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SABC demands TV license fees for computers and laptops

laptops must have tv license

The SABC reports that South Africans are currently required to pay TV license fees for computer monitors, even if they are not using those devices to watch TV, IOL reports.

According to Mybroadband, the public broadcaster notified viewers via an email notice for the annual TV Licence Renewal Notice.

An idea to charge TV license fees for any device that could connect to the internet, including smartphones, was briefly considered but later dropped. As of right now, notices have been sent out.

According to the notice for this year, a TV monitor (without receiving capabilities) that is connected to any television receiving equipment is considered to be a TV set and is therefore included in the definition of a TV.

The broadcaster stated that the receiving apparatus could be a “PC, DVD [player], or digital box/decoder.”

Gugu Ntuli, an executive for corporate affairs and marketing at the SABC, claimed that the letter made reference to TV monitors linked to TV receiving hardware.

The television broadcast signal transmitted by such receiving equipment (STB, decoder, tuner, etc.) causes the TV monitor to appear to be a TV, according to a quote from Ntuli.

‘License fees must be paid for your DVD player

It is claimed that the SABC’s letter specifically mentioned a DVD player and a computer as examples of TV receiving equipment, despite the fact that neither of these devices has this built-in ability, which makes it possible for license holders to mistakenly interpret the term “digital box” as a streaming box without broadcast-receiving functionality.

The broadcaster was contacted again by the online publication, but by the time the article was published, it had not responded.

Outa CEO Wayne Duvenage said in an interview with the publication that the SABC’s decision to add monitors was incorrect and appeared to be opportunistic in its search for “ailing” TV license revenue.

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Duvenage was quoted as saying, “They had plans to amend the Act to include screens and computers that didn’t have television receiving capabilities, but I’m not sure this was done, and if it had been, it would have been vigorously contested in court.”

Why pay to watch TV?

In South Africa, a TV license is also a legal requirement for individuals or households who wish to watch television broadcasts. The license fee is used to fund the South African Broadcasting Corporation.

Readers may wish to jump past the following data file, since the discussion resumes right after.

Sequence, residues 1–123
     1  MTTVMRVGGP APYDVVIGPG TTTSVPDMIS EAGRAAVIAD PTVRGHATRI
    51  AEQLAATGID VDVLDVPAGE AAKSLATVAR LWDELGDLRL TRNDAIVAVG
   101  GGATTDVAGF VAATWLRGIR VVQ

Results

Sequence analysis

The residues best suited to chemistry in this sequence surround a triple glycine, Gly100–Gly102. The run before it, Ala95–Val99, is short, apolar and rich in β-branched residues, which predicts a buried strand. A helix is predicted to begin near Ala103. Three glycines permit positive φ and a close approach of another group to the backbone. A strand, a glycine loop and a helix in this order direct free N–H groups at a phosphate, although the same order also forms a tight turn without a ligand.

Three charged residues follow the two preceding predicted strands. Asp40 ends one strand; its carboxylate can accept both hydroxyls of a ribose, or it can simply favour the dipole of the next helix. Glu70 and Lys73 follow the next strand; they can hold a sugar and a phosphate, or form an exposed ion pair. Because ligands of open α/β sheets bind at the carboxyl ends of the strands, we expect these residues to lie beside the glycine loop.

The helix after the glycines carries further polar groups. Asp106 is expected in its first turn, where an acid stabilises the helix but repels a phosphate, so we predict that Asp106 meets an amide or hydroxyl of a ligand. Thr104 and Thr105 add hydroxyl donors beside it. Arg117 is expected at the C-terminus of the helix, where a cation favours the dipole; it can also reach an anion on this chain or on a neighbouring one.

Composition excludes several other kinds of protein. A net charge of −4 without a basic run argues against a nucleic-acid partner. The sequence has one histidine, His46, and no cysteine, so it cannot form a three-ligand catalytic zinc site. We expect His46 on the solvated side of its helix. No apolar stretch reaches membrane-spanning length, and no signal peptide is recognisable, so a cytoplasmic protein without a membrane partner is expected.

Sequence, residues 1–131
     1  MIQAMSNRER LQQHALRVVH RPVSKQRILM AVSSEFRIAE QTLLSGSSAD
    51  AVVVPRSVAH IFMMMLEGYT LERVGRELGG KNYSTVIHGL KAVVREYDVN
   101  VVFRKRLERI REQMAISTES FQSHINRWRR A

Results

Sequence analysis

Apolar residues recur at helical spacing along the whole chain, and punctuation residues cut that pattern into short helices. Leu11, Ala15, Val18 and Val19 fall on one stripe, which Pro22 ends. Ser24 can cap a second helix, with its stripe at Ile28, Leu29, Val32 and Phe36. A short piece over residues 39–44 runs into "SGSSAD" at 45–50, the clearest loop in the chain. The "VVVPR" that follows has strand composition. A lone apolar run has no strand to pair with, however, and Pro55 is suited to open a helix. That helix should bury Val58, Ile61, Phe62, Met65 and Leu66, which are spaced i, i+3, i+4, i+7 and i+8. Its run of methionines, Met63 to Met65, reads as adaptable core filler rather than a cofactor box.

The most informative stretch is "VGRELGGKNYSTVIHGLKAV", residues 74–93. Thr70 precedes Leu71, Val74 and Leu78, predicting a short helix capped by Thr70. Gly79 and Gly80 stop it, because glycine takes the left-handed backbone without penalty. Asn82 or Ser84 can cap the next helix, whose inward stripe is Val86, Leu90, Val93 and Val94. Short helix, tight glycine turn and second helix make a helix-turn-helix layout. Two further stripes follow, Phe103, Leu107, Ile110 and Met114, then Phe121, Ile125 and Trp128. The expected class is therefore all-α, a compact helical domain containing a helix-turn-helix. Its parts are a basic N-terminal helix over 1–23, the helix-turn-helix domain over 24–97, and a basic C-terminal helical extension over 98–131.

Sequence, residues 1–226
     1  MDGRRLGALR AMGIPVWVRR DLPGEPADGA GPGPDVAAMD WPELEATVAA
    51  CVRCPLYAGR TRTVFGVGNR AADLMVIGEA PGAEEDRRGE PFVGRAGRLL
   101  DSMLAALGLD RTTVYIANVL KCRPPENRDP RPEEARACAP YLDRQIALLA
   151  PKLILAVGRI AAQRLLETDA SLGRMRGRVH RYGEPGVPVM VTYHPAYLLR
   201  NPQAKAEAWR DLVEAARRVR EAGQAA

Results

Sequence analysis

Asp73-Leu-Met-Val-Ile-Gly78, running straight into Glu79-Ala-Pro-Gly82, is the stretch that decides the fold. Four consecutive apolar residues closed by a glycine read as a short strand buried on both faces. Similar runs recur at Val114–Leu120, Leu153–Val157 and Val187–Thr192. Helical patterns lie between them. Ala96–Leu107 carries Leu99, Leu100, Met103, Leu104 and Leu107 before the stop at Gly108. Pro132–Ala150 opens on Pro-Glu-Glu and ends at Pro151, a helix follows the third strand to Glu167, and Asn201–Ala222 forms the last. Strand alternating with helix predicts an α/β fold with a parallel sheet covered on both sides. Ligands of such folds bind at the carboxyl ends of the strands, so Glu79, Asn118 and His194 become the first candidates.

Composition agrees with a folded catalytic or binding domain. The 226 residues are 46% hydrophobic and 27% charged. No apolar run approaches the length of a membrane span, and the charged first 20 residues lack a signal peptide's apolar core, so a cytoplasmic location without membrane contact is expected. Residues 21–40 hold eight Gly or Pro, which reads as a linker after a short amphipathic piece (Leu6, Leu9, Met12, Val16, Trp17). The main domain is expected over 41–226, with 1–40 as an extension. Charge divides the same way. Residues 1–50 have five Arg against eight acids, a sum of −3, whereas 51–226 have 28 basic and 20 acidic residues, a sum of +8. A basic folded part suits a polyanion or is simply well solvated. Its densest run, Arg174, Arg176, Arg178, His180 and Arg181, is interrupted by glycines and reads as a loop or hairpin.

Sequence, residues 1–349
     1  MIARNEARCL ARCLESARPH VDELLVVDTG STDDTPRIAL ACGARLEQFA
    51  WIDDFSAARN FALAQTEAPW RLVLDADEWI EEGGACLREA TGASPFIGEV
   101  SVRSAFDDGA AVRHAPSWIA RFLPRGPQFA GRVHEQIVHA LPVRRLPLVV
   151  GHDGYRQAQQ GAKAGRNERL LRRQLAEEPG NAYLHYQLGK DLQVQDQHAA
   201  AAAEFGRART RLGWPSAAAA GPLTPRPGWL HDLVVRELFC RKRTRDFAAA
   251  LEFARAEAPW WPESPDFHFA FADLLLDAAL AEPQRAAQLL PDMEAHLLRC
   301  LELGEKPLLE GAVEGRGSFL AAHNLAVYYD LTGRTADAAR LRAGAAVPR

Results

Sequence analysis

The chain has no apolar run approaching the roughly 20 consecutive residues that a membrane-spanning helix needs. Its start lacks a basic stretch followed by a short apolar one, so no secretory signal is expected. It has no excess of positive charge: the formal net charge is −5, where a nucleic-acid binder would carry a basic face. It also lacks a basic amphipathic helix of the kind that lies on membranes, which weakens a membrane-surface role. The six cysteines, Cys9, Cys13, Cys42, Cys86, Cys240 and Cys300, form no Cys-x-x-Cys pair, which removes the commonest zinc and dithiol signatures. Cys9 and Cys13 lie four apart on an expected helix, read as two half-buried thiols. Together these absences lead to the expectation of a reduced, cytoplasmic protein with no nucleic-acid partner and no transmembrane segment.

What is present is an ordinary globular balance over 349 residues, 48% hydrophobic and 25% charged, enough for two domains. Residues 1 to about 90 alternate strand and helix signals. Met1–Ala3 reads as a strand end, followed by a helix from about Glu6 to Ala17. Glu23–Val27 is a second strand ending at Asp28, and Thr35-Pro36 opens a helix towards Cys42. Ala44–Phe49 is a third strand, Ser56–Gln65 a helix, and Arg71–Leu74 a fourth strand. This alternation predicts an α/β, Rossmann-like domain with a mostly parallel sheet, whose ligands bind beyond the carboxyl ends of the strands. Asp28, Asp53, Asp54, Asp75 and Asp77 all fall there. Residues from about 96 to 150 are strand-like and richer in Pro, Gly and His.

The TV license fee in South Africa is currently set at R265 per year for households, with reduced fees available for senior citizens and people with disabilities. The license is required for any device used to receive television broadcasts, including TVs, computers, tablets, and mobile phones.

SABC logo

Failure to obtain a TV license where required can result in fines or legal action, and TV license inspectors are authorized to visit households to check if a license is in place. It’s important to note that it is a public broadcaster and, as such, some of its programming is available to all viewers for free, regardless of whether a license has been obtained.

The South African Broadcasting Corporation has faced a number of challenges in recent years that have impacted its operations and reputation. Here are some of the issues:

  1. Financial challenges: It has faced financial difficulties due to declining revenue from advertising and a high-cost structure, leading to difficulties in paying salaries, operating costs, and servicing debt.
  2. Declining viewership: The SABC has faced declining viewership as audiences have shifted to other media platforms, including digital and streaming services. This has led to a decline in advertising revenue, which has further worsened its financial challenges.
  3. Competition from other media: It faces increasing competition from other media providers, including private broadcasters and online streaming services. This has put pressure on SABC to adapt and innovate in order to remain relevant and competitive in the market.

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